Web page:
It is unfortunate that in Nigeria, security personnel, most times, are posted to specific positions without considering their level of competence for the job or assignment. For instance, officers of the armed forces lobby to be included in peacekeeping contingent without training on simulation, which can help in making them aware of the inherent risks involved in undertaking peacekeeping mission in troubled zone(s), and be well-prepared psychologically, physically, emotionally and strategically. Many soldiers lose their lives after being seduced with ladies by the enemies. Live simulation is also known as “high fidelity”. This demonstrates the samples of the (possible) real performance of the trainees compared to the “low fidelity” simulation that is based on the use of pencil and paper that can only show “signs of performance” (Error! Hyperlink reference not valid.) rather than the practical performance of the trainee(s). The second type of simulation is virtual simulation. Virtual simulation actually involves the use of real people using simulated tools in a simulated world. In virtual simulation, the process often involves the use of computer simulation by the trainees in undergoing training. Virtual simulation usually involves security employees training in an artificial environment (generated through computer software), and take it as if it is real. The exercise is undertaken through the manipulation of the computer keys or mouse. Virtual simulation is often facilitated through sight and sound.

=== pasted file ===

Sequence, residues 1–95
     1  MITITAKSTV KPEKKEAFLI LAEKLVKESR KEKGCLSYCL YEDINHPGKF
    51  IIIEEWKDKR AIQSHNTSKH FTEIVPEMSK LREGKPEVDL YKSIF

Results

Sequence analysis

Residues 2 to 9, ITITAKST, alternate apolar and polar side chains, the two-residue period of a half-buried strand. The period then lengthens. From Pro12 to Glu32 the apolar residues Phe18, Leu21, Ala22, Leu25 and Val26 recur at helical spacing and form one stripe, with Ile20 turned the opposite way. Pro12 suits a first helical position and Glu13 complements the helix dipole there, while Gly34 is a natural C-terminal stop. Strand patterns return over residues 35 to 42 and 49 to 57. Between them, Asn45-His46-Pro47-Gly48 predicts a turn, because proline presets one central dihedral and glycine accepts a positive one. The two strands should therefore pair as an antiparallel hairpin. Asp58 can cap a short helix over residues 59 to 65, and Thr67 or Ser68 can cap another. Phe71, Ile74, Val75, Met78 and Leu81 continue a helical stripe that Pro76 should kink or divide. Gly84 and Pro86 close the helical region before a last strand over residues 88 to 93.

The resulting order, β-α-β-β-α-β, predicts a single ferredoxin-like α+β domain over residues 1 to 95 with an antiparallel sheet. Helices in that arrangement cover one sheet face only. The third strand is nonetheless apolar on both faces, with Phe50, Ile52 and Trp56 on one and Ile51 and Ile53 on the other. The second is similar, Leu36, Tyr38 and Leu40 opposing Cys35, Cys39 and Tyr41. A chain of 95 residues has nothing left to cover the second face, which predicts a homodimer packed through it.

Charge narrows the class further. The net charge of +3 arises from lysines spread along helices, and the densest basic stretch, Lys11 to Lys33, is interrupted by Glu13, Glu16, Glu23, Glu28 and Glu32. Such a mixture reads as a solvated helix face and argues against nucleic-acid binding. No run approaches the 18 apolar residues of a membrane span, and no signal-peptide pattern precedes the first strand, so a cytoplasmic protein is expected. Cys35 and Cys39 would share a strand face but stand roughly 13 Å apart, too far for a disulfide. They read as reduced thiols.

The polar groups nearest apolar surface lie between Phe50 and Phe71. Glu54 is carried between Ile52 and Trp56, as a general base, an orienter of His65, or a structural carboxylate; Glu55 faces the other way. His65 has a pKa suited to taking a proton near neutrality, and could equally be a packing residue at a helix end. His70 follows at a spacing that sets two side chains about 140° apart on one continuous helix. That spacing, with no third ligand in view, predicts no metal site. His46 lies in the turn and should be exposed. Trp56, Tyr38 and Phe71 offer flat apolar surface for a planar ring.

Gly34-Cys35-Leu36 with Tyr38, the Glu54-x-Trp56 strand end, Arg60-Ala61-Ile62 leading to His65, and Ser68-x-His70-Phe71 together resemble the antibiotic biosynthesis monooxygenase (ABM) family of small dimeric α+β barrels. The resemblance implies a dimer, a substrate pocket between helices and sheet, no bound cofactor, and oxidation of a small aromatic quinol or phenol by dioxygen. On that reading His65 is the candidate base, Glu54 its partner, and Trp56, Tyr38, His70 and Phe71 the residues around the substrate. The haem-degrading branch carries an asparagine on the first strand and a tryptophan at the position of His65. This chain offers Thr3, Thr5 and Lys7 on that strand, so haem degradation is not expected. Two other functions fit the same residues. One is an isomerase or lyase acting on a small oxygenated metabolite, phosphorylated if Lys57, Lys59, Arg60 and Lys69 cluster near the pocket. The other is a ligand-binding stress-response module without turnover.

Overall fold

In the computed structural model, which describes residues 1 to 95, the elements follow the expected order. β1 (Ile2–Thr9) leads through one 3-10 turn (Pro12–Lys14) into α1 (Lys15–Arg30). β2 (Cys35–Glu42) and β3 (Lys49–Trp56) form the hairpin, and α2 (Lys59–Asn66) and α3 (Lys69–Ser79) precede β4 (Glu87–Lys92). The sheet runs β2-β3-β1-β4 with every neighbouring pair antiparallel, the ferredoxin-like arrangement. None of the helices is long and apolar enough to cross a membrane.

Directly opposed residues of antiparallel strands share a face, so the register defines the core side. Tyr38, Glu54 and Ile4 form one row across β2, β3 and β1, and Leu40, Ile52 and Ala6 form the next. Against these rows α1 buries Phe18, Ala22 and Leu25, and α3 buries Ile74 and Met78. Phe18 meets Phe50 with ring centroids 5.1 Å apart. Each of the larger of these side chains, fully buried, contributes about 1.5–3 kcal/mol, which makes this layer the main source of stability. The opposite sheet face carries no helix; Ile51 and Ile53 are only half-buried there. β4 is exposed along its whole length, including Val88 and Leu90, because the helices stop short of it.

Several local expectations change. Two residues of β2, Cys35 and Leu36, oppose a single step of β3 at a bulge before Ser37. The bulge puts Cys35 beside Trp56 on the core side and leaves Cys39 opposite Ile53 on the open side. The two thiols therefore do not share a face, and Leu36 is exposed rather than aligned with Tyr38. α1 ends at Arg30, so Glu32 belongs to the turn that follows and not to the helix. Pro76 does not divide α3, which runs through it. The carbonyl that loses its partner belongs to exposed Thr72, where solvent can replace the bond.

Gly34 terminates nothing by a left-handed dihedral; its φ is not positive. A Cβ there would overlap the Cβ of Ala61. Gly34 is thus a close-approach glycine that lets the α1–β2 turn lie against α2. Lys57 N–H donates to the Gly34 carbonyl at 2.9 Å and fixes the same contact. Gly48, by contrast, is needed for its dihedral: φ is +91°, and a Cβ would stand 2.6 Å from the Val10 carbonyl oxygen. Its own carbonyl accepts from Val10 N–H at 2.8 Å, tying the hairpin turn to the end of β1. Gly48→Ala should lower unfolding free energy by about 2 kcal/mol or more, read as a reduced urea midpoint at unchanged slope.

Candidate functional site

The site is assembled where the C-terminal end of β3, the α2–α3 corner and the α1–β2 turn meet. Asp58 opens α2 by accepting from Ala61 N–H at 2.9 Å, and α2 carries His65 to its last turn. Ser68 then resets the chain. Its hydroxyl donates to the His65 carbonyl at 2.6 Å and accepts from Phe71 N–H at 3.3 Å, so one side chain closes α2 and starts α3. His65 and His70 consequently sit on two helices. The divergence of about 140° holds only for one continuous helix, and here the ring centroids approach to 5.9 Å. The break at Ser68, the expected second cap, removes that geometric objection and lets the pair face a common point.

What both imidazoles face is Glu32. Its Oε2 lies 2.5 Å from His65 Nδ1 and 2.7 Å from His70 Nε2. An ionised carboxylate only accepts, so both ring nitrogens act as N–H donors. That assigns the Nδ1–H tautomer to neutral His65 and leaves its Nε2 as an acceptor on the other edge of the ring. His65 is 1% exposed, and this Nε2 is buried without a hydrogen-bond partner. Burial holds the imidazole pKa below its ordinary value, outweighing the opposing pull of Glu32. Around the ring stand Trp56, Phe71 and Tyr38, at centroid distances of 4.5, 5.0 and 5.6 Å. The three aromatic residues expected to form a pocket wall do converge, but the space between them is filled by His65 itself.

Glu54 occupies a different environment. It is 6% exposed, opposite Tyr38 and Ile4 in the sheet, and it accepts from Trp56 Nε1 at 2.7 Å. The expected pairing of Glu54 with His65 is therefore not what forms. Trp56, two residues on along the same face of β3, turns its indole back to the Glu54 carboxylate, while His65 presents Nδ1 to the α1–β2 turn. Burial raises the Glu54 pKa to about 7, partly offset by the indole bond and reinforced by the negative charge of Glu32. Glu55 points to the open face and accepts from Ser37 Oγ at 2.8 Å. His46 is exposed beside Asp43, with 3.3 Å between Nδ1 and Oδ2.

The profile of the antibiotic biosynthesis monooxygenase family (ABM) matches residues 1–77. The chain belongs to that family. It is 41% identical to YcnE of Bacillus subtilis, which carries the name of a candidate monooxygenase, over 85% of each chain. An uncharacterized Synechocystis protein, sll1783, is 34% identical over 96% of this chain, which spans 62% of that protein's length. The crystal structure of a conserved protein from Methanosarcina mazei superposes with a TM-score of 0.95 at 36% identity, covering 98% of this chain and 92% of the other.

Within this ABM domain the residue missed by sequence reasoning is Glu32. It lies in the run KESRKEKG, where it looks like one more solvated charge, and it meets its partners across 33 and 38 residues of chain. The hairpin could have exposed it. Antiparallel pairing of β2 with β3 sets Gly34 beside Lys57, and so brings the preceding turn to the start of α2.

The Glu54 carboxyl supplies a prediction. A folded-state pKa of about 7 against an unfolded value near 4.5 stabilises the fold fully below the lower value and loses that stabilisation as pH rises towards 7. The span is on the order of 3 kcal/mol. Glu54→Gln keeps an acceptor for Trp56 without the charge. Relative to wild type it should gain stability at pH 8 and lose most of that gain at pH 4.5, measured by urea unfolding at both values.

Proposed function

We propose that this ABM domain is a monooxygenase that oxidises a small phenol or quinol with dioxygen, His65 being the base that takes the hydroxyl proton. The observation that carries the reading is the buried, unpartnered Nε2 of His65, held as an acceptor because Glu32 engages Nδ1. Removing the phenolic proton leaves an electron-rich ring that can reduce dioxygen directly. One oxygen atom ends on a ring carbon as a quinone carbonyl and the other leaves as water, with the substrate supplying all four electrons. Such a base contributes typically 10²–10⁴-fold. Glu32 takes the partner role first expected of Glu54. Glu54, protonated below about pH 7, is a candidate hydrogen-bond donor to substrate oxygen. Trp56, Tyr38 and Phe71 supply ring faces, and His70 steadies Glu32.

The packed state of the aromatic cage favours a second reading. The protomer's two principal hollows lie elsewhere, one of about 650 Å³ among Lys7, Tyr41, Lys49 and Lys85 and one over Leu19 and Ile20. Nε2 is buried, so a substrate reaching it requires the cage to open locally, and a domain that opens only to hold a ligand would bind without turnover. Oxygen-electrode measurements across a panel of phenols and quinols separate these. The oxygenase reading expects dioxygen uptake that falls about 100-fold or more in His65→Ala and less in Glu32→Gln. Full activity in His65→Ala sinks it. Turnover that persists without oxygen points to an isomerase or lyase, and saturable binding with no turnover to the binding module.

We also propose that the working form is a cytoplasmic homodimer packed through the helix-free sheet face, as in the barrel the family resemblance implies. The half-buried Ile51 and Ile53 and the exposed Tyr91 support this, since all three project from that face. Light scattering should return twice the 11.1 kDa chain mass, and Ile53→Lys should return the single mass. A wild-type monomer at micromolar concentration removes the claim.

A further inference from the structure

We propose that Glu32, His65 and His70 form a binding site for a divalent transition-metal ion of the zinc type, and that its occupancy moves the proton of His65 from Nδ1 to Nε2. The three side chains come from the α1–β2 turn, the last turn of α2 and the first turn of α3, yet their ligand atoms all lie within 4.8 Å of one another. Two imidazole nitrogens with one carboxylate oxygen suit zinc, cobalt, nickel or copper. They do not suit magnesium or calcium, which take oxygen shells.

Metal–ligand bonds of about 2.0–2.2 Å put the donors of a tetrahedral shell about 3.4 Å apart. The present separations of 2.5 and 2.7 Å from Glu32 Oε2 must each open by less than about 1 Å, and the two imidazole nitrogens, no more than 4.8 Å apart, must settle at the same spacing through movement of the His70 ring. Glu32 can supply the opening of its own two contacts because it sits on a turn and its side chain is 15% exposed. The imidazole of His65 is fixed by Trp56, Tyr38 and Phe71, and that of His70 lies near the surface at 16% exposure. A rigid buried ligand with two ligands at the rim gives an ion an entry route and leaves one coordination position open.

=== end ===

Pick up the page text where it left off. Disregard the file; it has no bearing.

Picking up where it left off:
The third type is Constructive simulation. Constructive simulation usually involves a process whereby simulated people use simulated tools in a simulated world. This simulation type is also known as war-gaming. It can be described as a form of simulation whereby “players command armies of soldiers and equipment that move around on around on a board” (Error! Hyperlink reference not valid.). We shall discuss this type of simulation extensively subsequently (see military simulation);